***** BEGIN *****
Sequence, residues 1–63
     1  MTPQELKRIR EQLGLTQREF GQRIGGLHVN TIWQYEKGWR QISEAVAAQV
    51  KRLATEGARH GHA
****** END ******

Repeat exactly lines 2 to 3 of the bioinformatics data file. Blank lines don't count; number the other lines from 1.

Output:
     1  MTPQELKRIR EQLGLTQREF GQRIGGLHVN TIWQYEKGWR QISEAVAAQV
    51  KRLATEGARH GHA